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Victorian Virtue 

Patience pays off for Lyric Opera Cleveland.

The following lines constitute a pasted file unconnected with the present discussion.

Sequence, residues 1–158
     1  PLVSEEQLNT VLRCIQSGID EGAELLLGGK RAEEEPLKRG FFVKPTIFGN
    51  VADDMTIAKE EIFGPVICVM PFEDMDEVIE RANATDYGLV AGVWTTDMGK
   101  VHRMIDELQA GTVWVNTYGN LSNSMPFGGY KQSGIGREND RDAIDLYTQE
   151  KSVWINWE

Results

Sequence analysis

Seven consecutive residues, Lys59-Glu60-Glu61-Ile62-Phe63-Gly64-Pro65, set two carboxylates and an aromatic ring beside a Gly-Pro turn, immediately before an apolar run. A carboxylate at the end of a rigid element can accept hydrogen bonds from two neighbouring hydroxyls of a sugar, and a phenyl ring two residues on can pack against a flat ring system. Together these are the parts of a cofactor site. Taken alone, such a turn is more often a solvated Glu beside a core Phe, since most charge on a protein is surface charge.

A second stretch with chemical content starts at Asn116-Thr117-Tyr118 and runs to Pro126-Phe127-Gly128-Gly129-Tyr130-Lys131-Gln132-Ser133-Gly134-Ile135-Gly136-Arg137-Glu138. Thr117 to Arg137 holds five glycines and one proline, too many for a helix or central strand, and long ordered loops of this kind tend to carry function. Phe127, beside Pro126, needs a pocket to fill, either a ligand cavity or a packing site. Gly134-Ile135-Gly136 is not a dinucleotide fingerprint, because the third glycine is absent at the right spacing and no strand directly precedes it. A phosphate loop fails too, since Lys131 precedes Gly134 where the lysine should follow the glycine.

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Lyric Opera's move from the Cleveland Institute of Music to the more conducive environs of the Cleveland Play House puts it several steps up the evolutionary ladder. With the better acoustics of the Drury Theatre, audiences can savor every pungent witticism that makes up Patience, the company's second production of the summer. Premiering in 1881, this comic operetta can be looked upon as a Victorian variation of Bye, Bye, Birdie, relating how two preening poets wreak havoc on the psyches of a coterie of corseted maidens. Just as Birdie encapsulated and skewered the swivel hips and foibles of Elvis Presley and his ilk, this Gilbert and Sullivan delight cunningly goes after the precursors to today's superstars -- those 19th-century, lilac-scented Oscar Wilde dandies. This production's greatest asset is Marian Vogel, singing gorgeously in the title role. The first act doesn't quite capture all the comic nuances of the text, but by act two, everything jells, becoming lucid and joyful. Philip Kraus's direction and Dennis Northway's conducting are exquisite in their detail. The cast does justice to Sullivan's music, which even after more than a hundred years lilts like a thousand butterflies. Audiences have only through Thursday to appreciate the virtues of Patience; next up is the modern opera I Was Looking at the Ceiling, and Then I Saw the Sky.

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